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Google FCC filing hints at high-speed wireless plans

Search giant seeks experimental authorization for the 3.5GHz band to conduct testing in up to 24 US areas.

It looks like Google Fiber's next step for high-speed internet supremacy will be wireless.

Charlotte, N.C.
Google

In a filing with the Federal Communications Commission, the company outlines plans to experiment with the 3.5 GHz band, spectrum that could "help relieve Wi-Fi congestion -- improving the experience of consumers accessing the Internet over wireless broadband."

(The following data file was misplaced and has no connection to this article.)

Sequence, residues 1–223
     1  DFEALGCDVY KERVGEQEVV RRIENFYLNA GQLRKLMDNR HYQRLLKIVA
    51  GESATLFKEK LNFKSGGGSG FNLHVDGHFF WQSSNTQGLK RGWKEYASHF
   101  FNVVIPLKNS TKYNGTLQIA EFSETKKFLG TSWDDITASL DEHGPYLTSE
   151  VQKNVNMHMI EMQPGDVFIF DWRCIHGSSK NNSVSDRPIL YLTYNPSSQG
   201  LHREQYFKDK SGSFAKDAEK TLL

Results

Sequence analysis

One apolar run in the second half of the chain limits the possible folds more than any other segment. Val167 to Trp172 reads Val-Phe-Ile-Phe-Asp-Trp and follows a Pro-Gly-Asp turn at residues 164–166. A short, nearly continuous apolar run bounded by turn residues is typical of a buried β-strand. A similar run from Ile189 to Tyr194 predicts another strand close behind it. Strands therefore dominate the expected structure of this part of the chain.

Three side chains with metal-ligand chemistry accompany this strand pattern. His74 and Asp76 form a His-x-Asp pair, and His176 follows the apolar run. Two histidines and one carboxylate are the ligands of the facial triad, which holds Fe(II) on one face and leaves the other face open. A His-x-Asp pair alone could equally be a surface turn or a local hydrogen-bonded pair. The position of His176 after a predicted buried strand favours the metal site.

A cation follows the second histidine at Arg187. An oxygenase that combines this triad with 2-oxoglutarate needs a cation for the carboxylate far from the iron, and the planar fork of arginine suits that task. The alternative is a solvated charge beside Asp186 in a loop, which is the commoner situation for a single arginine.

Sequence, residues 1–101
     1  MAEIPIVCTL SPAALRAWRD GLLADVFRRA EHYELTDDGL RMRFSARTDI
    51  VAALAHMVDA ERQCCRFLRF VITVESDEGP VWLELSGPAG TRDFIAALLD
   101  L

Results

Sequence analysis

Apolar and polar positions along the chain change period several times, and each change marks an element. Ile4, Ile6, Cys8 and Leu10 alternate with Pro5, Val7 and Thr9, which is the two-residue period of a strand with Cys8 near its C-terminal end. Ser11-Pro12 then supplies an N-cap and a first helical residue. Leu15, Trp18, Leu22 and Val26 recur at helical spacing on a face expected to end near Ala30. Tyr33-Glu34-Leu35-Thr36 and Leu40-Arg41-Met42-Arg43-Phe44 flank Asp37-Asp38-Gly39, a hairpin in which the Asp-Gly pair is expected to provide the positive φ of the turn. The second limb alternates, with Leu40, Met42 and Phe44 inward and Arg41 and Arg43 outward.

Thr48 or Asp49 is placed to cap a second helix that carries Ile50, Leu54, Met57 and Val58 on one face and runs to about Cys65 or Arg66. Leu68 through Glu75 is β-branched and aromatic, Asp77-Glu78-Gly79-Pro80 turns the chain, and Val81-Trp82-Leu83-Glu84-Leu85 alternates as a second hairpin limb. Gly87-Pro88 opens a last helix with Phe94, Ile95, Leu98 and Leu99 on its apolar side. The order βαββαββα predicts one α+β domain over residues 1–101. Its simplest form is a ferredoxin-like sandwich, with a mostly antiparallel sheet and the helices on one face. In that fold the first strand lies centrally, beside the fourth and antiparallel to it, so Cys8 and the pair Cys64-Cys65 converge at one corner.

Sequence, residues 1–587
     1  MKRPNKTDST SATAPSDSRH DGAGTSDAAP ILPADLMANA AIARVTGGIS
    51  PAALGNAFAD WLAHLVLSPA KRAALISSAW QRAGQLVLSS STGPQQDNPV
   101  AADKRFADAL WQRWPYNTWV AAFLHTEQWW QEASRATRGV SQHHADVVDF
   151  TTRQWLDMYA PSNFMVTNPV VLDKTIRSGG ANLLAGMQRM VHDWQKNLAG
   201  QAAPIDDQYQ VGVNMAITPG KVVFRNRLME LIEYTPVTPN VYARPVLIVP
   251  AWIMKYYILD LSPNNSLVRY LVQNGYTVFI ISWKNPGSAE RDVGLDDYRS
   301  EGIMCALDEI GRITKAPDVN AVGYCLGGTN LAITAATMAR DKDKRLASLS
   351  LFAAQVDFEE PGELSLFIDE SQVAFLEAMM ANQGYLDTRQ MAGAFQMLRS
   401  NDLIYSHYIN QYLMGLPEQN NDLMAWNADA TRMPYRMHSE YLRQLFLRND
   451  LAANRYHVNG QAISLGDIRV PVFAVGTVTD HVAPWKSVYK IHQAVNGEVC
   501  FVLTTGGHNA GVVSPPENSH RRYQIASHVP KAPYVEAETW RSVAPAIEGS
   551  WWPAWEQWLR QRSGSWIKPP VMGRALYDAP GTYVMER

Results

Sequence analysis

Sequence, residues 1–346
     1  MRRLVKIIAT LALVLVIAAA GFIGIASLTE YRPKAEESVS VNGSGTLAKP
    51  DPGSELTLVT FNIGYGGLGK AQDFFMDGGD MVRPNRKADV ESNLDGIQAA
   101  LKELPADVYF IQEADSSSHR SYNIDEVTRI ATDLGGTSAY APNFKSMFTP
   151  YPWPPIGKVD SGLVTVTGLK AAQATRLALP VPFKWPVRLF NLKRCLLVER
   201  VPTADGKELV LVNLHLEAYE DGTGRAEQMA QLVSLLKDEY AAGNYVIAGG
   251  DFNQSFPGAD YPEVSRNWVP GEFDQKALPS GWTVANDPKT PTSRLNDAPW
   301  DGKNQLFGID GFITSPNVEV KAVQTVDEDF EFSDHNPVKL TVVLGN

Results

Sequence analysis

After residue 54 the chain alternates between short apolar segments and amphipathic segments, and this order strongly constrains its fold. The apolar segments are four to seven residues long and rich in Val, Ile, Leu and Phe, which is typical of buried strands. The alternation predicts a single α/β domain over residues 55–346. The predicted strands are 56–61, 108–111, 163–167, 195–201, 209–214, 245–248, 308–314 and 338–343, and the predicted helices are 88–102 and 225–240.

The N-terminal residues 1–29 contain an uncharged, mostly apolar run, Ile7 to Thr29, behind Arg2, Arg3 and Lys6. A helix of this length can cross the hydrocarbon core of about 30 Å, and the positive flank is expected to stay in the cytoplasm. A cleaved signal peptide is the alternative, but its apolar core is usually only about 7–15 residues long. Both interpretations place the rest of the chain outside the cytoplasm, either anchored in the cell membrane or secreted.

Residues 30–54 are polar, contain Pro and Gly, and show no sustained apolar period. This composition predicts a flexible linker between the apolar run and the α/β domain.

The request for experimental authorization includes testing in the 3.4 to 3.8 MHz frequency range in up to 24 US areas including San Francisco, Mountain View, California, Boulder, Colorado and Omaha, Nebraska, according to the filing.

Don't expect to be part of the testing if you live in one of the areas, though. The request states testing will be done by Google's employees and contractors and may also be used, under close supervision, by "trusted testers" selected by Google.

In June, Google bought Webpass, a service that wirelessly delivers high-speed broadband to apartment buildings and businesses.

A Google spokesperson said the company doesn't have any additional comment beyond the FCC filing.

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